An artistic view of Alzheimer’s disease
New York Dr. César Chelala
Alzheimer’s disease is the most common cause of age-related dementias in the world. Only in the United States, there are almost 6 million people diagnosed with this disease. At a global level, there were almost 50 million people affected by this disease in 2017, and that number is expected to reach 131.5 million in 2050.
The impact of this increase on people’s quality of life and in the countries’ economies will be devastating, particularly because much of the increase will be in developing countries. In the U.S., it is estimated that it will cost the government $1.1 trillion in health care expenses by 2050.
Alzheimer’s strikes all kinds of people; it makes no distinctions. Perhaps the most famous patient was the late U.S. president Ronald Reagan. When in 1994 he was diagnosed with Alzheimer’s disease, he wrote an immensely courageous letter to the American people, where he wrote, “My Fellow Americans, I have recently been told that I am one of the millions of Americans who will be afflicted with Alzheimer’s Disease,” and which he closed saying, “I now begin the journey that will lead me into the sunset of my life.”
What happens in the brains of those affected by the disease? The answer is through the use of modern techniques. In the past decade, medical imaging has improved considerably, and experts have been able to document the changes taking place in peoples’ brains. We now know that memory loss and other cognitive problems are accompanied by anatomical changes in the brain.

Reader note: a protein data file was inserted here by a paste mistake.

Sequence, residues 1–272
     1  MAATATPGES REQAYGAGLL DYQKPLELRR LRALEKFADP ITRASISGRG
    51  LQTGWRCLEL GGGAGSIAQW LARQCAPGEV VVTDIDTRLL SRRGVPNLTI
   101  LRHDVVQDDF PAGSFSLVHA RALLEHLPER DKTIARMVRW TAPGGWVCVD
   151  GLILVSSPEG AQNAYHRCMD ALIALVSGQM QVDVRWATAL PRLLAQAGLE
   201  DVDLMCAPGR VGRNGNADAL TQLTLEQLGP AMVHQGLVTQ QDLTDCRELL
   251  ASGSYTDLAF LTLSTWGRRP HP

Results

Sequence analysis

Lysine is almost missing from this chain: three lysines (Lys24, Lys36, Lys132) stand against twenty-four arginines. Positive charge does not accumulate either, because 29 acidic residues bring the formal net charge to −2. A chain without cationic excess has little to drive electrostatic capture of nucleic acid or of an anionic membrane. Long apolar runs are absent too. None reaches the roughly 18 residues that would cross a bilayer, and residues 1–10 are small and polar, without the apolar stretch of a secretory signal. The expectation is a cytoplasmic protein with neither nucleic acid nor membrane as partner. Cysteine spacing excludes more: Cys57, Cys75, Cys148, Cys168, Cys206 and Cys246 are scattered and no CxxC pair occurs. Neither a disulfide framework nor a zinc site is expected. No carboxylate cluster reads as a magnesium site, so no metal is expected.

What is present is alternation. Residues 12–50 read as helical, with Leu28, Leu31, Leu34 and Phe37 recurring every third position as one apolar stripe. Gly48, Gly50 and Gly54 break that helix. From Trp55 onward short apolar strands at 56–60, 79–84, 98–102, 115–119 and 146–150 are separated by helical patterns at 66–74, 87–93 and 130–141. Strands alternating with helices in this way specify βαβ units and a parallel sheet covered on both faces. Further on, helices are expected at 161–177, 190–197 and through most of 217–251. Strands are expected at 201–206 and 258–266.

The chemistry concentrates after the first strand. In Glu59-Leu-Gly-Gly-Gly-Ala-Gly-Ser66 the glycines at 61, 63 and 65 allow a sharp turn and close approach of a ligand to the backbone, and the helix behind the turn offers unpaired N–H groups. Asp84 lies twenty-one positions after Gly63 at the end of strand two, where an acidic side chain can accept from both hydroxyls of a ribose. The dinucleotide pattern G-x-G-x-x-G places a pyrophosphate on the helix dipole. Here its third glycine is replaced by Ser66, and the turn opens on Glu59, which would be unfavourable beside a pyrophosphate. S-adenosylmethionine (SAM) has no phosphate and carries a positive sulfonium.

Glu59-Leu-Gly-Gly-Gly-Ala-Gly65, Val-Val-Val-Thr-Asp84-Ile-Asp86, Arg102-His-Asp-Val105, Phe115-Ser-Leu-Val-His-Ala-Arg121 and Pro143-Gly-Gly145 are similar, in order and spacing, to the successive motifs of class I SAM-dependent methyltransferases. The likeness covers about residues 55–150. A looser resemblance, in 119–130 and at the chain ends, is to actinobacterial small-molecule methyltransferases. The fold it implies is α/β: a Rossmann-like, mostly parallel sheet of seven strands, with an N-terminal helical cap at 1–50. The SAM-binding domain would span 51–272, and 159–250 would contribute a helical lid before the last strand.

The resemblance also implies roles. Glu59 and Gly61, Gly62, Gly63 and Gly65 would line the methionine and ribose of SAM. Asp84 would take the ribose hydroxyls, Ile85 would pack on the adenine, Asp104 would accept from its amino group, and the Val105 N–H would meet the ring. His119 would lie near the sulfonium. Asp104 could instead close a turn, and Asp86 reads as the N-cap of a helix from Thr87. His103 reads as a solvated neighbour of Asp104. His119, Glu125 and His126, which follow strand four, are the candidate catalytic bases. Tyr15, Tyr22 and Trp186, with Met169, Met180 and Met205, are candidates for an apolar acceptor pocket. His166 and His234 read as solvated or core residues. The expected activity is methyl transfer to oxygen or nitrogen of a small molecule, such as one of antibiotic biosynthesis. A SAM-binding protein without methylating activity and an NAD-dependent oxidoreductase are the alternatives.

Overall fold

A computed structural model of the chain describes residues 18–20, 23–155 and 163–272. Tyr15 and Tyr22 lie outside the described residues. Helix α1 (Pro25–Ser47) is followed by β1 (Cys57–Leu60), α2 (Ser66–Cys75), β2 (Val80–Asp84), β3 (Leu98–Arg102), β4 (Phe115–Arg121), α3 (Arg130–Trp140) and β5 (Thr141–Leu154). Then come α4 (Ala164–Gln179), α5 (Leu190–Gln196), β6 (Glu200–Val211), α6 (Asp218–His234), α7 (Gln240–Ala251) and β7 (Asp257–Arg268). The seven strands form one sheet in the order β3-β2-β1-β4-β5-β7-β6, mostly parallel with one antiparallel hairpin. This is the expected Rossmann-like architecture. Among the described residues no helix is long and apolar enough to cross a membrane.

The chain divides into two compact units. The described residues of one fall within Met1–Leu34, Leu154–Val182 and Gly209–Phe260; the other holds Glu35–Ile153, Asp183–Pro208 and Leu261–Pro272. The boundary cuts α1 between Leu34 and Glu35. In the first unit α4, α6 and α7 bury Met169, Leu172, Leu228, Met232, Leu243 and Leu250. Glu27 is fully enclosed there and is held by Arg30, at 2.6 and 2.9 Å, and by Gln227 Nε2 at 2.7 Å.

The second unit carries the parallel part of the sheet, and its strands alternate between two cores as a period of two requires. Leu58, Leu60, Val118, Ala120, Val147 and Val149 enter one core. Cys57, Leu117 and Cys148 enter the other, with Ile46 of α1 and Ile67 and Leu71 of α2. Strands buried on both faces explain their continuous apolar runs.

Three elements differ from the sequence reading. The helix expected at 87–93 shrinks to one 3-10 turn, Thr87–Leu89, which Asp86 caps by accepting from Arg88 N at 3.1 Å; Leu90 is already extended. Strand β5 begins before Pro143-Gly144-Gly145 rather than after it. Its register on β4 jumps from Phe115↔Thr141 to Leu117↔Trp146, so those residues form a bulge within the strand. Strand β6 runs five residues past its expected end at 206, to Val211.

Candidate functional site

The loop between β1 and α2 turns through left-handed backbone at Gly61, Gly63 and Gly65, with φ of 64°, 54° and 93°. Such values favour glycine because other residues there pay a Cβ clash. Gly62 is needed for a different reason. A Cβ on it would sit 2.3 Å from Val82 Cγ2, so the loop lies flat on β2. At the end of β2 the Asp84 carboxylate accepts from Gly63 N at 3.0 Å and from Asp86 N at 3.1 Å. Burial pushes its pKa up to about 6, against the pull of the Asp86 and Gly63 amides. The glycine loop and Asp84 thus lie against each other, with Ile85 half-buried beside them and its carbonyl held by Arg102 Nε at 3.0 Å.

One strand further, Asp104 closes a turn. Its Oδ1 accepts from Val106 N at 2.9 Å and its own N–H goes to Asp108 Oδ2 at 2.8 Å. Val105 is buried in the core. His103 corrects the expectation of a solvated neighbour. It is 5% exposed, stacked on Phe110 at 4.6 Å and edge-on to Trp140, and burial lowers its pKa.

The accumulation of two types of proteins called beta-amyloid and tau is a distinctive feature of this disease. While beta-amyloid tends to accumulate outside of the nerve cells where it forms plaques, tau accumulates inside the brain cells and bunch, leading to what experts call “tangles.” It is the accumulation of these plaques and tangles that leads to the death of nerve cells, which eventually causes dementia.
I asked a friend of mine, noted Syrian-American photographer Bachar Azmeh, for his artistic interpretation of this disease. The three photographs enclosed show it. According to Azmeh, the first photograph shows the senile plaques, with random interconnecting lines, neurons, and deformed cells that will manifest as memory loss. The second photograph has an almost Dalian (after Salvador Dali) vision, with red creeping spiders showing a surrealistic dimension of Alzheimer’s. Because the disease tends to progress slowly in most people, the third photograph, that Azmeh calls “colorful winter confusion”, demonstrates the time-dimension evolution of Alzheimer’s disease. Fortunately, some progress is being done on this disease, and these artistic photographs will be part of its history.
Dr. César Chelala is a physician and writer. Bachar Azmeh is a Syrian-American photographer.